Music & Meditation
The heart and soul of Judaism is felt through melody. Everything in Judaism is expressed through music - liturgy, Torah, Haftorah, and the writings from Tanach. The Zohar teaches it is the highest form of spiritual expression and can open the heavens and shatter the depths of despair, it can express longing and proclaim joy and gratitude, “Moses and the Children of Israel chose to sing this song to Hashem…Who is like You among the heavenly powers.” it can open pathways to memory and be a vehicle for healing, “David would take the harp…and Saul would feel relieved…the spirit of melancholy would depart from him.” The power of music is so profound that research performed by Fabien Mamam, a French composer, found that music, particularly presented through the human voice, had the capacity to destroy cancer cells. In his work with women who had breast cancer, he recommended ‘toning’ three to four hours a day and found their tumors shrunk in response. As a clergy person, I have found that it is through my music, often over and above the words I use, that people are most moved and impacted. Music bypasses the mind and goes directly to the space of emotions and sentiment. It opens a doorway, sometimes to the unexpected - to bliss or loss, to gratitude or yearning, to the past or to the future. It is vehicle that transports us, like a mystical chariot, to throne of the Divine. Liturgical music enriches the words of our prayers, psalms and blessings and creates inner joy and communal connection. Our most ancient melodies ties us to our past and our modern tunes remind us of how relevant and connected we are to our present and our future. As a cantor I have had the profound honor of singing to and for those I serve - whether in joy at a Bar/Bat Mitzvah or wedding, or in sadness at times of loss and grief, or in exaltation at moments of prayer in service or in celebration of a holiday. Each moment in the Jewish calendar, with its unique character and purpose, is jeweled and embroidered with beauty and dignity. I feel very blessed to have found my ‘musical’ voice, though late in my life, to fulfill my deep passion that was suppressed at a young age. I believe that it is never too late to fulfill one’s purpose, to find one’s bliss, and grow and transform into the person you can become. This is just another example of surrendering to allow for ‘expanded spirit.’ You can sample some of my recordings below.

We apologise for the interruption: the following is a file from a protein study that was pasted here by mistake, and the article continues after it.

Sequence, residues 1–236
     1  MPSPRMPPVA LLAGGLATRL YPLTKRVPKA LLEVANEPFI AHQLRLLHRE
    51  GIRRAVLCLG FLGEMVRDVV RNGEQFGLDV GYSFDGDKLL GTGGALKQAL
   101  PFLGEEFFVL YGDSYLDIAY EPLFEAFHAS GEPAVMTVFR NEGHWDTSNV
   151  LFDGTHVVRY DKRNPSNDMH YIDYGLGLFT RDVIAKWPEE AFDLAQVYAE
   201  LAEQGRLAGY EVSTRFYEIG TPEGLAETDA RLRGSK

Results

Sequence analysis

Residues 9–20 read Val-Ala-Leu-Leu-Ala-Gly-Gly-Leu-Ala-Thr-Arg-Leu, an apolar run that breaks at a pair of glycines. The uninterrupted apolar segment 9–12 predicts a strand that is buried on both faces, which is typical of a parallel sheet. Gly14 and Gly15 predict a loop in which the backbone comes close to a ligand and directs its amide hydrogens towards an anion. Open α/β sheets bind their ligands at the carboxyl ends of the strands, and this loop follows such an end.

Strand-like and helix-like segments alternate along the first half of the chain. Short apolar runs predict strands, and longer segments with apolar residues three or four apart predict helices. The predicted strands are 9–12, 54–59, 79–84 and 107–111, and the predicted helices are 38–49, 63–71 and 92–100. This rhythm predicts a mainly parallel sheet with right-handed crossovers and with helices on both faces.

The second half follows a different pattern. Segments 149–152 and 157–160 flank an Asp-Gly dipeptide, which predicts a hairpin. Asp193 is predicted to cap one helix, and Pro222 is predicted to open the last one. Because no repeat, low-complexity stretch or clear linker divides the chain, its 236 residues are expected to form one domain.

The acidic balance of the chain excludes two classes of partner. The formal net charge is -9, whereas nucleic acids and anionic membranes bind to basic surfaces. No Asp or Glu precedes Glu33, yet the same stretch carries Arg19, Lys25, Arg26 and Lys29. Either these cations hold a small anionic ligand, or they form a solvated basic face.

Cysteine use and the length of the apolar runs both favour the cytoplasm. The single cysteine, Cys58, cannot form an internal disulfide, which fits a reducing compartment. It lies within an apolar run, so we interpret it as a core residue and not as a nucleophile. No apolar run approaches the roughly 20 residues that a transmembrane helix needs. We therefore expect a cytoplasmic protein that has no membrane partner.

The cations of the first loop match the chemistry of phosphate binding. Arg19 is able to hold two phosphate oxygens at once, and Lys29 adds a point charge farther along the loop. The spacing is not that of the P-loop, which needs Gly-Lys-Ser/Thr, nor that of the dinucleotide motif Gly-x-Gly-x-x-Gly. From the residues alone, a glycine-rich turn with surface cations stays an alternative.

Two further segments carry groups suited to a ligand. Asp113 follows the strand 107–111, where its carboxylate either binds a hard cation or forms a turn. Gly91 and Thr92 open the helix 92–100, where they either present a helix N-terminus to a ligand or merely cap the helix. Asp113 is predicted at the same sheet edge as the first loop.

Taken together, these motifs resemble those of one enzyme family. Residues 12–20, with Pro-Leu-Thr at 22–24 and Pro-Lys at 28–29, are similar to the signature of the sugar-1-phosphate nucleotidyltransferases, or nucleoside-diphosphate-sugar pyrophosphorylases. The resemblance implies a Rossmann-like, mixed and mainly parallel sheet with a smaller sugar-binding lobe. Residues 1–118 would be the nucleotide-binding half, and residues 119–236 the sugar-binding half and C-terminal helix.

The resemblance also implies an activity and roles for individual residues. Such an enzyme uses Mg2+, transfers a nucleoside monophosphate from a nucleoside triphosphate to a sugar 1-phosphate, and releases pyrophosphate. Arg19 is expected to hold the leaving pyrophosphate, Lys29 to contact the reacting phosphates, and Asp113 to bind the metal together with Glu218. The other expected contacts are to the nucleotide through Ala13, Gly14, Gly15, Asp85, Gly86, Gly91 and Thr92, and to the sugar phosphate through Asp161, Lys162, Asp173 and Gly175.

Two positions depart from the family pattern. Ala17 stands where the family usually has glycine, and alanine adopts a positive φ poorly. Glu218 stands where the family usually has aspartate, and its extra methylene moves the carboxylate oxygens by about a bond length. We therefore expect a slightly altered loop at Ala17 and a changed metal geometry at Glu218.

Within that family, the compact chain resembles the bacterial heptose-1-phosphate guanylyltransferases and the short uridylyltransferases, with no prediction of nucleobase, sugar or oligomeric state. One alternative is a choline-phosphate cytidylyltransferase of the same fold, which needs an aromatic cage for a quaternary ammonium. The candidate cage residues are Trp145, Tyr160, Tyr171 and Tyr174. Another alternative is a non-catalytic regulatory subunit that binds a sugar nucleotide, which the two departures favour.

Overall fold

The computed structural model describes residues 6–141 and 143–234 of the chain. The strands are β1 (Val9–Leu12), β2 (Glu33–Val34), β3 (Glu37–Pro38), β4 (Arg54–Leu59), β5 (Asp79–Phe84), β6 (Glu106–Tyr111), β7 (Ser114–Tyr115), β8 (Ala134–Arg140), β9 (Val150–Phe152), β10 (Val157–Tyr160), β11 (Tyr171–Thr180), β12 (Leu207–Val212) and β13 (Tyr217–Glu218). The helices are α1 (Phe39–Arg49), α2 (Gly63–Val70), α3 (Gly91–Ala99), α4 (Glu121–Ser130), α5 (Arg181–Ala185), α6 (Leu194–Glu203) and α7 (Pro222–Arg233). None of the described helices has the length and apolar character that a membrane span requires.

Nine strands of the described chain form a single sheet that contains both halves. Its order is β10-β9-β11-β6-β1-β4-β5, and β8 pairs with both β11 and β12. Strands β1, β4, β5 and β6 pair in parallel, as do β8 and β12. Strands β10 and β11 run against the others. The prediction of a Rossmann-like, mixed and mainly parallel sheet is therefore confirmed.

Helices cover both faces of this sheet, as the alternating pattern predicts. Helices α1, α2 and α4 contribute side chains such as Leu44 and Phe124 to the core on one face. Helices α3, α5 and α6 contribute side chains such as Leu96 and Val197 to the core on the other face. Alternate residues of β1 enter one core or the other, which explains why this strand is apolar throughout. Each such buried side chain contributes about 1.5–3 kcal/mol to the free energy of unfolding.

Judaism has a long tradition of meditation. Along with prayer, music, and study, it is a practice that enhances awareness, consciousness, peace, calm, and connection with the Divine. Psalm 46 reminds us, “Harpu ud’u ki anochi Elohim,” “Desist and know I am G-d,” that when we refrain from action and focusing on the outside world, we have more access to experience the Divine presence. When we focus inward, to the silent and internal landscape we can experience a deep connection with the Holy One. Psalm 65 teaches “L’cha dumiyah t’hilah,” “To you silence is praise.” The busy and noisy environment we often find ourselves in, prevents awareness of the ‘now’ which in Hebrew is “Hineyni.” This word, found in Torah, means “I am fully present.” Focusing on our breath, the gift of life from the Holy One, becomes a vehicle for deeper awareness and knowledge of ourselves. We can touch the ‘oneness’ with the Divine spark within, and permit ourselves to explore our past, present, and future. I teach a unique Jewish breathing technique created by my husband, Rabbi Stephen Robbins and which you can find below in the first meditation. Please enjoy my offerings below to find more solace, healing, and connection to the Divine. Judaism teaches the value and importance of prayer, song, study, and spiritual practice. “In my heart I will meditate…” (Psalm 77) I am available to teach you or a group of people this wonderful skill and the gift that keeps on giving.